The Illegal Wildlife Trade (IWT) is the largest direct threat to the future of many of the world’s threatened species, as well as the livelihoods of local people who rely on wildlife-based economies. Urgent action is needed to address this crisis and reverse the appalling trends; where a rhino is killed by poachers every seven hours; African elephant populations are declining by 8% a year and over a thousand park rangers are killed in the line of duty over the last decade. Beyond the spotlight, there are many other gravely endangered species, such as the pangolin, the saiga, and the African grey parrot; alongside globally important trees and many fish species.
Technology has the capacity to deliver sustainable solutions to combat this trade, alongside tackling other threats to conservation, and at a scale that will have a real impact on the ground.
The WILDLABS Tech Hub has helped further the development of four innovative technology solutions tackling the IWT, through a three-month support program. The program sought to help participating solutions achieve sustainability by offering long term access to cloud infrastructure, opportunities for further investment, and the establishment of new partnerships to help scale implementation. The Foreign and Commonwealth Office (FCO) provided the initial seed funding to kick-start the WILDLABS TECH HUB, and in-kind support has been donated by Digital Catapult, Satellite Applications Catapult and WILDLABS conservation partners, with technical support, training, and cloud credits offered by Amazon Web Services and Microsoft’s AI for Earth program.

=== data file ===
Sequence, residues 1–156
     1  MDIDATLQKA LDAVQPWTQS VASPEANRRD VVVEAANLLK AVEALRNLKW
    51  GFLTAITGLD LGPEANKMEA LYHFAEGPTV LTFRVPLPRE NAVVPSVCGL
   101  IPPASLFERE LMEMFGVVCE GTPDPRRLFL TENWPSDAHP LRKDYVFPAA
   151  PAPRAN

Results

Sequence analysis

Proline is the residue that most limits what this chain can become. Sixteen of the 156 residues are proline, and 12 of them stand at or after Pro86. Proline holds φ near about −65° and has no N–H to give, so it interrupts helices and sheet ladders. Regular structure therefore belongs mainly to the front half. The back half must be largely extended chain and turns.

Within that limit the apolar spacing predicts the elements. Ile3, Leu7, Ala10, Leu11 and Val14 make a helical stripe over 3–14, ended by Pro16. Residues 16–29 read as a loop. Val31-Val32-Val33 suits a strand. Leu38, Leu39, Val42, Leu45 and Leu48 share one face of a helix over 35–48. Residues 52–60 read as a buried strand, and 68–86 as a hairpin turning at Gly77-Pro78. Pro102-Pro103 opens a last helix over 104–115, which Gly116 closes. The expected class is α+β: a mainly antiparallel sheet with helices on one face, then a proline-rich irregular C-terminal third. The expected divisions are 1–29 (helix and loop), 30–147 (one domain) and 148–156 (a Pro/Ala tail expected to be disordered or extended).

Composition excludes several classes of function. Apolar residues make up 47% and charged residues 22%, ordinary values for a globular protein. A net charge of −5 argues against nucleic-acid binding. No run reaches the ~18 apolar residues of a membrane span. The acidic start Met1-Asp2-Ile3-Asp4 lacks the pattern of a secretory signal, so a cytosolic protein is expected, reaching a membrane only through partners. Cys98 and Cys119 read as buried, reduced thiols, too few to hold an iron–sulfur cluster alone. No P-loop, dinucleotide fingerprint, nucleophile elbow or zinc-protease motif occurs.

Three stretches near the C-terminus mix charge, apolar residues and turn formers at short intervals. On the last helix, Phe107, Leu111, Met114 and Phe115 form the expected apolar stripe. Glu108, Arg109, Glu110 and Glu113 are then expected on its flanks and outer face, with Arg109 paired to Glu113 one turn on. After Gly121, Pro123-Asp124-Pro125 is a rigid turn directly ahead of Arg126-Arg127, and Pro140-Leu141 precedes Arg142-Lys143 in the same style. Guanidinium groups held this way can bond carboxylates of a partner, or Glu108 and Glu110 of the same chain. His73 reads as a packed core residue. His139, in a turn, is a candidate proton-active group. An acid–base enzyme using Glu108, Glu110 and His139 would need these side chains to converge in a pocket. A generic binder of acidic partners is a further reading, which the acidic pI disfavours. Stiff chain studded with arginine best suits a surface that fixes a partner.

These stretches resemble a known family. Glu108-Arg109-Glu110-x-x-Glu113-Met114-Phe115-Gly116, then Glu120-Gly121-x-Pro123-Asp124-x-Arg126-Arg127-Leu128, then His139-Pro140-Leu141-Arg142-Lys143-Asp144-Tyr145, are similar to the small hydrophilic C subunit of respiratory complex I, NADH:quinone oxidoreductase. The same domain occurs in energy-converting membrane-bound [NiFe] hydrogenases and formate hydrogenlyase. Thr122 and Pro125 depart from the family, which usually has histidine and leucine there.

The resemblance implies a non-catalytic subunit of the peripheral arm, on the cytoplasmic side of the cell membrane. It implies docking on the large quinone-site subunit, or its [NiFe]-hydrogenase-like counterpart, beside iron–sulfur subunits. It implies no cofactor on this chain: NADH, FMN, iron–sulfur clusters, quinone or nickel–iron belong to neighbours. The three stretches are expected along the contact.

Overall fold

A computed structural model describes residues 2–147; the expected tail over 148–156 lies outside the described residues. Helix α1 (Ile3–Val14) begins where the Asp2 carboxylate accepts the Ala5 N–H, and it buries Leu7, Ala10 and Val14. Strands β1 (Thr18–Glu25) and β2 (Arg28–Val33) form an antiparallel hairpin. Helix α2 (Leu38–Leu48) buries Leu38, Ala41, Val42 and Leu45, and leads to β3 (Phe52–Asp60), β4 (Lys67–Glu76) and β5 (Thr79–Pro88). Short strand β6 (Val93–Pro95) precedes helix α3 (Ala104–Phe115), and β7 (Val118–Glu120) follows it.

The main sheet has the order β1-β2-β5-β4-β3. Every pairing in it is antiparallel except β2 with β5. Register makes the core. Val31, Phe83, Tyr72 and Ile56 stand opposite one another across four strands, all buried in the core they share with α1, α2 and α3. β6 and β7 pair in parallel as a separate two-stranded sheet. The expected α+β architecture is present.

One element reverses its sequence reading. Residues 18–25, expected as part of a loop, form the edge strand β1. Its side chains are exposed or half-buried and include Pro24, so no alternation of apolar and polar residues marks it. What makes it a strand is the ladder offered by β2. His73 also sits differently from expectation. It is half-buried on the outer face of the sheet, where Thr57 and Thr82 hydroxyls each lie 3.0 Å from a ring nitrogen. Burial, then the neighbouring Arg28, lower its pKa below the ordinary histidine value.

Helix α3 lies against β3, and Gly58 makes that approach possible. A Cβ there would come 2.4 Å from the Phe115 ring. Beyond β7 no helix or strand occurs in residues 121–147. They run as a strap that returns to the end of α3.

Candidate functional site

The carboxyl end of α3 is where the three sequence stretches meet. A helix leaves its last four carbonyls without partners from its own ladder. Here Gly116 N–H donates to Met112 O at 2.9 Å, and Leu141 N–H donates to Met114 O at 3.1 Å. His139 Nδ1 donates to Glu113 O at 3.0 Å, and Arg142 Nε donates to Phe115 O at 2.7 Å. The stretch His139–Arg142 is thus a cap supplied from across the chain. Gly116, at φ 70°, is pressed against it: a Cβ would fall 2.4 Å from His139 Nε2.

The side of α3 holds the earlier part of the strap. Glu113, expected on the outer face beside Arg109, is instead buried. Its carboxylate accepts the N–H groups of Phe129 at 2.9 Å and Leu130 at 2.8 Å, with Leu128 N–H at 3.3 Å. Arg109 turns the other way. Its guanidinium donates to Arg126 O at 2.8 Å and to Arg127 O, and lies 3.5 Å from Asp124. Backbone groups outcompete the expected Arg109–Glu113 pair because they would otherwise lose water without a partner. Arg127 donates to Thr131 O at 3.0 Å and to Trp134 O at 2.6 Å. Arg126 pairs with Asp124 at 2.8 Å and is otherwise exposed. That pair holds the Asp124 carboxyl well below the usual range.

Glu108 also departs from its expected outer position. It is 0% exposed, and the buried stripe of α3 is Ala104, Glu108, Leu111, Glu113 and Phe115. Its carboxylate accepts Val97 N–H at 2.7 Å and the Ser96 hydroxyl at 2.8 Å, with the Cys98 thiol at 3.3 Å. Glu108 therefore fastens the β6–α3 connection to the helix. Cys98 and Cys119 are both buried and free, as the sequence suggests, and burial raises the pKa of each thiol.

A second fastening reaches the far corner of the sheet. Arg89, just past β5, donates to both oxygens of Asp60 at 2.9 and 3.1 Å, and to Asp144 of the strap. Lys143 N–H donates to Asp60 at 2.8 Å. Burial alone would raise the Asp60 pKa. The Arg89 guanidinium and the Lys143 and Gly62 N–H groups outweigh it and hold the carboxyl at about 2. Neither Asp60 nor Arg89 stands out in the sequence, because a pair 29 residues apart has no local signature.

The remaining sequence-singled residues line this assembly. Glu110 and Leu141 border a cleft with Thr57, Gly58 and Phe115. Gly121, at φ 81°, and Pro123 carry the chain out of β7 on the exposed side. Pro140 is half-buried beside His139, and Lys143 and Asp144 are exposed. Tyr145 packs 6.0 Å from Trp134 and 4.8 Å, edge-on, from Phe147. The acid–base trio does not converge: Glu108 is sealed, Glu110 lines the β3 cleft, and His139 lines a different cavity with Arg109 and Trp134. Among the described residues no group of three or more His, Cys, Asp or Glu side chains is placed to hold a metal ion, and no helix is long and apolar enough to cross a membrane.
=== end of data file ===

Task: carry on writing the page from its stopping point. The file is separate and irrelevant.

The solutions selected to participate in the WILDLABS Tech Hub are:
A monitoring and communication system for protected areas
Wildlife Protection Solutions has provided alerts on over 200 potential poaching incidents since becoming operational, helping to prevent wildlife crime in important conservation areas. An Internet-of-Things (IoT) system uses machine learning modules to detect people and animals in real-time images and videos captured by remote cameras.
Fingerprint storage and search technology